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AMD, Intel let K7 and Katmai off the leash

At today's Microprocessor Forum AMD will flesh-out its plans to surpass Intel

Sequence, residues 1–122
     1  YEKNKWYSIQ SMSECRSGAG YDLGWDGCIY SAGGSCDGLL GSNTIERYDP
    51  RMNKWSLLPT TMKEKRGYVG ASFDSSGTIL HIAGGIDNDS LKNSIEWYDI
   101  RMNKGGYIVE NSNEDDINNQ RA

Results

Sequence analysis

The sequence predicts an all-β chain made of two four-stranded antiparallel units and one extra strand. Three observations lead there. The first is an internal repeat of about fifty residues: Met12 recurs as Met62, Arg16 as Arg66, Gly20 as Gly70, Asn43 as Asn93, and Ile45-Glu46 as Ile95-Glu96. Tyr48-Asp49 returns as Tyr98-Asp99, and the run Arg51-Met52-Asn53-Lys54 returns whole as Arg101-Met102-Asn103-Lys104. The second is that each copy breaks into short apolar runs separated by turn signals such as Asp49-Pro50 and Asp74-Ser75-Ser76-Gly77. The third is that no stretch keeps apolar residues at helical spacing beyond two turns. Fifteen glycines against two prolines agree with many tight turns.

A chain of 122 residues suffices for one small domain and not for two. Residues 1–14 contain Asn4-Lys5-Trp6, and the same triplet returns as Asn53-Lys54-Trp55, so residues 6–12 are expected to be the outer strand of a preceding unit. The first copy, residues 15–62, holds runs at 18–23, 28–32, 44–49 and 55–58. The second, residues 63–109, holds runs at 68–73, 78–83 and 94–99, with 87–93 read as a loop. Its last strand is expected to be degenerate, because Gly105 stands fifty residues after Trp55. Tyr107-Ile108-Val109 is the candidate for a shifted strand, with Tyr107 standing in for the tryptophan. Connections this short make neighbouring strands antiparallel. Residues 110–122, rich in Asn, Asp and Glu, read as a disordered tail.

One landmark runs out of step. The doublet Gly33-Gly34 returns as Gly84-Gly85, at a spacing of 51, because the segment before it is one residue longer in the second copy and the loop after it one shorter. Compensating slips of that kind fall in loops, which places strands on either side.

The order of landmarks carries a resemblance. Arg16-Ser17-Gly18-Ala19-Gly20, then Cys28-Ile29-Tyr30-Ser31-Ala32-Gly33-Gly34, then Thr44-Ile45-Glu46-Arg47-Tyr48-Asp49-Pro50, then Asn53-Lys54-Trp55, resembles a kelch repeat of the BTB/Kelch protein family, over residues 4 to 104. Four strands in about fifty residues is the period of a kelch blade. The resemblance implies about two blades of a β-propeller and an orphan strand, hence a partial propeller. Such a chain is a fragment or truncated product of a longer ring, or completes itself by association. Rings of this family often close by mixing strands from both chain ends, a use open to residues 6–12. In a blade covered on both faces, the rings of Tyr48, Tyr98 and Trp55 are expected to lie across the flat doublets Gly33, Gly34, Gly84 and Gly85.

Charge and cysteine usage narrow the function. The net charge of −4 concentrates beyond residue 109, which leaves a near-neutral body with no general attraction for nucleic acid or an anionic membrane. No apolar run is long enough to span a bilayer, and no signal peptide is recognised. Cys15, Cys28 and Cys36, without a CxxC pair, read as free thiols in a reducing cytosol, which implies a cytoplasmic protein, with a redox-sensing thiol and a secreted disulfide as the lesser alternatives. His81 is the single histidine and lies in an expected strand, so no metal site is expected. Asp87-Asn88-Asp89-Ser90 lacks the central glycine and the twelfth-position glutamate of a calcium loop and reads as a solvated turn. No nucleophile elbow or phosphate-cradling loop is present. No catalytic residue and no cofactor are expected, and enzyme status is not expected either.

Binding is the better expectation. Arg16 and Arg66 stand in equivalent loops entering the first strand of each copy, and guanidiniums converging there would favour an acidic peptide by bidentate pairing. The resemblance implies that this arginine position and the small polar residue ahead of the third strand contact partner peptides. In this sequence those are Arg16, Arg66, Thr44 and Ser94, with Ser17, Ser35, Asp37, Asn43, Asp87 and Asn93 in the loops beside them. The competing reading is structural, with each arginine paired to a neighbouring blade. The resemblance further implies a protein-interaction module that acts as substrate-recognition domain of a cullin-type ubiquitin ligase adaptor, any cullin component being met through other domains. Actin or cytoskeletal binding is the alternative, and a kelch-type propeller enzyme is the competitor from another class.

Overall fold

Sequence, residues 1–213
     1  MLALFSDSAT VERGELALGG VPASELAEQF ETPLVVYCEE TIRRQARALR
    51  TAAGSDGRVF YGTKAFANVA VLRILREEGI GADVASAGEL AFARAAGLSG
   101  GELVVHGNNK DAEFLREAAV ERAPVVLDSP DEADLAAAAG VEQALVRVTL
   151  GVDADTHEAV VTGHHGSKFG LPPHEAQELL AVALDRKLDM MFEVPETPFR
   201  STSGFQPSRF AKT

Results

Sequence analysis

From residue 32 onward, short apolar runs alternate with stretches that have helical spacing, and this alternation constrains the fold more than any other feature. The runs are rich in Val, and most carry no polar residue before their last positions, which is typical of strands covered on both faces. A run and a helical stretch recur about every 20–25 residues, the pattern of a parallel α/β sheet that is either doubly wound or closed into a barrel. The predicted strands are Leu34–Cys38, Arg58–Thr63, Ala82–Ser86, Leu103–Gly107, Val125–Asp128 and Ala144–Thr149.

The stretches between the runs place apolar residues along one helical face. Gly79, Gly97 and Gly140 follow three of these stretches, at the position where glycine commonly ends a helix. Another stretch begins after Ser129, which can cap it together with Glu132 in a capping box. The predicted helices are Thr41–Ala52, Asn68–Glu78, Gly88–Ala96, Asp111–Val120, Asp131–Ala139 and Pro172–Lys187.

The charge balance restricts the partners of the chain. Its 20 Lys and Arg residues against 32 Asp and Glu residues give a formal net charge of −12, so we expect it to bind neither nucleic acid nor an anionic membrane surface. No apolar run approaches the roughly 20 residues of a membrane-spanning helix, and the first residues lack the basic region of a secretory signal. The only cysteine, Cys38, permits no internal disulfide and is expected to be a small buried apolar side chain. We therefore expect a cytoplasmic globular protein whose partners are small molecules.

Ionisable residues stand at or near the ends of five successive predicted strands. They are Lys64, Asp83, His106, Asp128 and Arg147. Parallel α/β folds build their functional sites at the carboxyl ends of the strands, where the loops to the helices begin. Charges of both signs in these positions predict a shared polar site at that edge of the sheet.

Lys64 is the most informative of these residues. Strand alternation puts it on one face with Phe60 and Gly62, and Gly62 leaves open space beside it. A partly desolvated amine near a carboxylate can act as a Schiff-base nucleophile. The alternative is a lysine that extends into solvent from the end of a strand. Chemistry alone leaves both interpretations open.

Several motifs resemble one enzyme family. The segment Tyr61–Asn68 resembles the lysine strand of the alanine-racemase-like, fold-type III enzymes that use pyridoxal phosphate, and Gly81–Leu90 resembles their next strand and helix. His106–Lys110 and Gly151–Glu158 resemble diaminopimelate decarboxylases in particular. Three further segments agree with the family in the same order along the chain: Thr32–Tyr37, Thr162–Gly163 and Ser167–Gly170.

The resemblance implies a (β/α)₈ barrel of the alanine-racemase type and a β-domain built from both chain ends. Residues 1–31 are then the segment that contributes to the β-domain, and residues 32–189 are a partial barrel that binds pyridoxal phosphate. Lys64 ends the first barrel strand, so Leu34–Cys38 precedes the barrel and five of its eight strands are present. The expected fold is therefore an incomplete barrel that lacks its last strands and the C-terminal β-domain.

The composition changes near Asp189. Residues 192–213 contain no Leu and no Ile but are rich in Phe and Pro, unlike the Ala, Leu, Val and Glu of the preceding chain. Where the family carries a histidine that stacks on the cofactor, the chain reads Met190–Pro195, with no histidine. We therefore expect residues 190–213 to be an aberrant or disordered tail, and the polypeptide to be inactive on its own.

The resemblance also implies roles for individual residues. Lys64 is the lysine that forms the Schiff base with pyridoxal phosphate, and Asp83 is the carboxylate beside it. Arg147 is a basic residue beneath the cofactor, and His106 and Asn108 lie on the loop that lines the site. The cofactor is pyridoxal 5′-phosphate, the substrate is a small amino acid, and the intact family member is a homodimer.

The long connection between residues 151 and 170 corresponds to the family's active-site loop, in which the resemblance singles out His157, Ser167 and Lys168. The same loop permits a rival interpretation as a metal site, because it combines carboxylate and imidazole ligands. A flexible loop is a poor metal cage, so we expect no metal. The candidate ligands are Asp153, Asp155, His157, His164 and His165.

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In San Jose today Intel and AMD will set out their rival stalls for next year’s Katmai versus K7 needle match, with AMD taking the offensive for the first time in many a year. So far this year AMD has managed to carve out a better share for itself at the low end of the market, but it’s now tooling-up for an assault further up the PC food chain, and with the K7 is planning a spring offensive which it feels could at last pull it ahead of Intel. The new K7 will be out in the first half of 1998, and will run initially at speeds in excess of 500 MHz. AMD will be pushing 3D graphics capabilities heavily, and will be supporting Direct Rambus memory technology with the chip. Intel’s counter will be the Tanner chip using the new Katmai instruction set. Tanner too will debut at 500MHz, and while Intel is trailing the prospect of a 1GHz version by the end of the year, AMD will be moving K7 production to a copper process over the year, so the competitors promise to be closer than ever before. That means competition on price will be a major factor, but AMD itself thinks graphics could be its secret weapon. The company feels that 3D technology has been important in the recent success of the K6-2, and has recently told The Register it felt Katmai would be too new, and the part too expensive, to command the interest of developers. Intel itself last week fleshed-out a roadmap taking the company into the next century, and making it clear that Tanner and the other forthcoming members of its IA-32 line would remain major revenue sources for Intel up to and beyond next year’s Merced rollout. Related Stories: Katmai out of the bagAMD claims gamesters not interested in Katmai Intel maps out future of IA-32 with 1 Ghz CPU, Katmai and friends Click for more stories

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